1974 · Denmark
Ursula Nistrup is an established mid-career artist, who originates from Denmark. Ursula Nistrup was born in 1974. Some of the artist's contemporarie that are from the same generation and country include Jeppe Hein and Jesper Just.
About Ursula Nistrup's works
Ursula Nistrup is best known for working in the fields of Conceptual and Abstraction. For a conceptual artist, the artwork needs to detach itself from any sort of traditional representation of what is art, and invite the viewer to enter a world of ideas and concepts, detached from the material reality. Indeed, the core of Conceptualism lies in the fact that the idea behind the artwork has significantly more importance than the completed artwork itself. As a defined movement, Conceptualism first emerged in the late 1960s, with figures such as Sol LeWitt, Lawrence Weiner and Yoko Ono. The most revolutionary feature of Conceptual Art is that the artwork can take the form of anything, from writings to performances, to a derived use of everyday objects - the boundaries of art are thus defied, the tradition is critiqued. Conceptualism has been, and still remains, subject to controversy and debate, due to its tendency to challenge the viewer. As a contemporary movement, is it often used as a medium to defy institutions, societal structures and political systems.
Abstract art does not try to represent a faithful depiction of a visual reality, or of nature itself, but instead, with the use of colours, gestural elements and shapes tries to achieve its effect. The term can be applied to art that is primarily based on an object, or figure, where the main features have been simplified. Abstraction has been highly influential in modern art since the 1900s, with its origins grounded in Impressionism. One of the first, most influential movements related to abstraction is Cubism, with artists such as Pablo Picasso and Georges Braque, who through their work laid the foundations for a significant number of branches of abstract art.
Ursula Nistrup in private collections
On Artland Ursula Nistrup's art can be found in the following collection: Bech Risvig Collection which, for instance, also has works by other prominent and critically acclaimed artists including Asger Dybvad Larsen, Sarah Derat, and Liam Fallon.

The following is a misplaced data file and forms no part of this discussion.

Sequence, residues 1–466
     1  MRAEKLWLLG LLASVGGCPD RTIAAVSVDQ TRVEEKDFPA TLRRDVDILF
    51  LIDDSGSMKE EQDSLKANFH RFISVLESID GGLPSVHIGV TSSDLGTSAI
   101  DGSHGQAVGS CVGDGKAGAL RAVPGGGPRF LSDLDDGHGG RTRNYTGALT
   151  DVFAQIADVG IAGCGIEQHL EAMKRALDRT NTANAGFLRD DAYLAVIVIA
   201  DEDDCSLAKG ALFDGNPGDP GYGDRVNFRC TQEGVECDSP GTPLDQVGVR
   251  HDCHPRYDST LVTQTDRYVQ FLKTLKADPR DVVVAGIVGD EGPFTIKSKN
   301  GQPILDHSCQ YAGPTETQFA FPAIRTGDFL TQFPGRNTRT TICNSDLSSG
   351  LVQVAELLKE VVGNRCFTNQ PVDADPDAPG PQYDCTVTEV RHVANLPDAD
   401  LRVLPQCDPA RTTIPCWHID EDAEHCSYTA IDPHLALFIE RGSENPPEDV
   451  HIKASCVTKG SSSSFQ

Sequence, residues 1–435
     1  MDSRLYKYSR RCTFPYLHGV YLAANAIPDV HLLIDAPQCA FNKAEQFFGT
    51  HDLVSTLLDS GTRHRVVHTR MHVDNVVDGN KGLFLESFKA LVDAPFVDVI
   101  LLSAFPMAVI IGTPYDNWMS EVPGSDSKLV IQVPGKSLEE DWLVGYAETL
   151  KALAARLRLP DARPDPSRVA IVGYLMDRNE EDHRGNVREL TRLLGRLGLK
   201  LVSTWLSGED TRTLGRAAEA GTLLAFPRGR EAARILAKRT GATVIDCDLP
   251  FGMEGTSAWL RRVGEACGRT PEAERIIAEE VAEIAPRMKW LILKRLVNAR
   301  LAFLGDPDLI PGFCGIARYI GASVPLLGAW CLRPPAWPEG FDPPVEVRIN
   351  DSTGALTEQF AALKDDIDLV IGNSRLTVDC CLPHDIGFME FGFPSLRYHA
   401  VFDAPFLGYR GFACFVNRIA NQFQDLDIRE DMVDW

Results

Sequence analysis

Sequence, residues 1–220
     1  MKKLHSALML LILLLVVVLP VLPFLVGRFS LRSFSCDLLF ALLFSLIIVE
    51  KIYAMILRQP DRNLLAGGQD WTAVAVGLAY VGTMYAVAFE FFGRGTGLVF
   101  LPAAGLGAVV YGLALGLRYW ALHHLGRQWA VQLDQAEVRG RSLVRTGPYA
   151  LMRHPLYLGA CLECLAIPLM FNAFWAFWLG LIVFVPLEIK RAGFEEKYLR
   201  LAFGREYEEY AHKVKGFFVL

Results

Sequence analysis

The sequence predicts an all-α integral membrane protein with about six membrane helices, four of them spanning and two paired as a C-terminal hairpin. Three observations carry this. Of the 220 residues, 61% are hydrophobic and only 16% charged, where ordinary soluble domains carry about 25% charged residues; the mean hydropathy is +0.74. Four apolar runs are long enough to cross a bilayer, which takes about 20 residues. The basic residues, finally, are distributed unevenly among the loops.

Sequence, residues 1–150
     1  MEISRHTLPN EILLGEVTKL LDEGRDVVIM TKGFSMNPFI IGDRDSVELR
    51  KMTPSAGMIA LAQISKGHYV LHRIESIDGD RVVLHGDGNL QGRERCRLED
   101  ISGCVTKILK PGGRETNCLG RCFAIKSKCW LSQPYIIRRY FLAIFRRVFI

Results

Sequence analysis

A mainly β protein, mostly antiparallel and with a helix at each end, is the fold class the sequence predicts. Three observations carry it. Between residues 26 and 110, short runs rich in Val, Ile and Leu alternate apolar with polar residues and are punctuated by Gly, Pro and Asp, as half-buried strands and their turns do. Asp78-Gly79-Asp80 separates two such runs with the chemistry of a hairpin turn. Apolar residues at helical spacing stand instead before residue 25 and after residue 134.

Historical Context of Denmark
As the southernmost of the Scandinavian countries, Denmark has often been very influenced by the Germanic culture of Northern Europe, which borders its southern limits. This responsiveness is often combined with the Nordic attributes of restraint and melancholy in its arts. Towards the end of the nineteenth century, and in the earlier part of the twentieth, Denmark produced a key painter of Post-Impressionism, Vilhelm Hammershøi. Noted for his melancholic and extremely scarce interiors, Hammershøi's reputation was founded on his exquisite depictions of light and shadow in simple, dignified interiors, most often his own residence. In the later twentieth century, Denmark was a major country in the CoBrA movement of Expressionist painting, where the naming convention was derived from the cities of the founding members - the Co standing for Copenhagen on behalf of Danish artist Asger Jorn. Founded in 1949, CoBrA's bright colours and lively childlike figures became both a scandal and sensation. Other prominent modern and Danish artists include Per Kirkeby, Olafur Eliasson, Danh Vō, Sergej Jensen and Tal R.
Further Biographical Context for Ursula Nistrup
Born in 1974, Ursula Nistrup was primarily inspired by the 1980s growing up. The 1980s were an era of increasing global capitalism, political upheaval, global mass media, wealth discrepancies and unique music and fashion, characterised by hip hop and electronic pop music. This had a strong impact on the generation of artists growing up during this time. The fall of the Berlin Wall at the end of the decade marked the end of the Cold War, yet the era was also distinguished by the African Famine. During this time prominent art movements included Neo Geo, The Pictures Generation and Neo-Expressionism, which took a particular hold in Germany, France and Italy. Artists such as Anselm Kiefer, Jörg Immendorf, Enzo Cucchi, Francesco Clemente and Julian Schnabel were leading artists working during this period, alongside Jean-Michel Basquiat, Keith Haring and Kenny Scharf, who developed the street art and graffiti movements, which quickly gained recognition.